O. J. Simpson Murder Case

The O. J. Simpson murder case (officially called the People of the State of California v. Orenthal James Simpson) was a criminal trial held in Los Angeles County, California Superior Court that spanned from the primary jury being sworn in on November 2, 1994 to opening statements on January 24, 1995 to a verdict on October 3, 1995. Former American football star and actor O. J. Simpson was tried on two counts of murder following the June 1994 deaths of his ex-wife Nicole Brown Simpson and her friend Ronald Goldman. The case has been described as the most publicized criminal trial in American history. Ultimately, Simpson was acquitted after a lengthy trial that lasted over eight months which was presided over by Judge Lance Ito.

Simpson hired a high-profile defense team initially led by Robert Shapiro and subsequently led by Johnnie Cochran. Los Angeles County believed it had a solid prosecution case, but Cochran was able to persuade the jurors that there was reasonable doubt about the DNA evidence (then a relatively new type of evidence in trials) – including that the blood-sample evidence had allegedly been mishandled by lab scientists and technicians – and about the circumstances surrounding other exhibits. Cochran and the defense team also alleged other misconduct by the Los Angeles Police Department. Simpson's celebrity and the lengthy televised trial riveted national attention on the so-called "Trial of the Century". By the end of the criminal trial, national surveys showed dramatic differences in the assessment of Simpson's guilt between most blacks and most whites.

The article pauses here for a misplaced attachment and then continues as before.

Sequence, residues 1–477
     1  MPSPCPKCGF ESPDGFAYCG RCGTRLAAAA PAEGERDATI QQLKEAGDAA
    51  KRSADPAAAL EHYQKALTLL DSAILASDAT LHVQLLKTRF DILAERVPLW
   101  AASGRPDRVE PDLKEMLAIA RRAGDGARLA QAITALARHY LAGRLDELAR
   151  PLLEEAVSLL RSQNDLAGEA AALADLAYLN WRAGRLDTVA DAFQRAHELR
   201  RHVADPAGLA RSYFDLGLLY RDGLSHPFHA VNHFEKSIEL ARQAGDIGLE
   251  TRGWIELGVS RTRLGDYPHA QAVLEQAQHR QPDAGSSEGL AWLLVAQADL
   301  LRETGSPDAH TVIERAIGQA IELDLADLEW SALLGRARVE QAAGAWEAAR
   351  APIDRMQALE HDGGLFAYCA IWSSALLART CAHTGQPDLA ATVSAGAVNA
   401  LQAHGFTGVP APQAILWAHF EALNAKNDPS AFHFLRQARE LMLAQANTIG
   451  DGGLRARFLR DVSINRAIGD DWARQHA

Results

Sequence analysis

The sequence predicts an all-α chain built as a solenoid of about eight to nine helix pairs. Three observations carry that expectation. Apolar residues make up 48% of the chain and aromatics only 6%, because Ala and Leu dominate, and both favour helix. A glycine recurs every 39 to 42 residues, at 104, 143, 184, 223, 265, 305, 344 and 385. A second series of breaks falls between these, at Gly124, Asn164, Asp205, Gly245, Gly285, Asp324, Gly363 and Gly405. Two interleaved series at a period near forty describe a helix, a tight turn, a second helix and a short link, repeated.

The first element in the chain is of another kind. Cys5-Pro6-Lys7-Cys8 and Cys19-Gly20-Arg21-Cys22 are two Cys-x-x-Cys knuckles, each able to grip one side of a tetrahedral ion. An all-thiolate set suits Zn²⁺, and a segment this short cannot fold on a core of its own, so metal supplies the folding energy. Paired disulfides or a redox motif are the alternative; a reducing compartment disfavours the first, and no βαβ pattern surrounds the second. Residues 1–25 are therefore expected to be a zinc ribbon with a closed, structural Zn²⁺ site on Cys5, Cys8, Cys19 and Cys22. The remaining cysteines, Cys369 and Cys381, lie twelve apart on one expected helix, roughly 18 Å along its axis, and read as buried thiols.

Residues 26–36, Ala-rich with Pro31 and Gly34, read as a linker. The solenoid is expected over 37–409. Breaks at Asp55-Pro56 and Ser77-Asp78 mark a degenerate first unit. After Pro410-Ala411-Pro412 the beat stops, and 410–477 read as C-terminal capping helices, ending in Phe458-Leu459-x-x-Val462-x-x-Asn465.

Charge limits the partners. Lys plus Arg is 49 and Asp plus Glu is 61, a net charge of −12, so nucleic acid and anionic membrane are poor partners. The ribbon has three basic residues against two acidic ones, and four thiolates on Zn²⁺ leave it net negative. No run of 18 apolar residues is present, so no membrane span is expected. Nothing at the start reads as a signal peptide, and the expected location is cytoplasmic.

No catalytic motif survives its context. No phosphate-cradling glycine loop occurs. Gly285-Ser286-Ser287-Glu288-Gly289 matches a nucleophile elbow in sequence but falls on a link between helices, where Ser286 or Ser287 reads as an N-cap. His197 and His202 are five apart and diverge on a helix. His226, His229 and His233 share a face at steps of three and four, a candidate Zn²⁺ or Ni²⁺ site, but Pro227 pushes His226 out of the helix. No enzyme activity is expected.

Later, both the Brown and Goldman families sued Simpson for damages in a civil trial. On February 6, 1997, a jury unanimously found there was a preponderance of evidence to hold Simpson liable for damages in the wrongful death of Goldman and battery of Brown. On February 21, 2008, a Los Angeles court upheld a renewal of the civil judgment against him.

Read more about O. J. Simpson Murder Case:  Murders, Ford Bronco Chase, Arrest and Trial, Media Coverage, Reaction To The Verdict, Civil Trial, Aftermath of Trials

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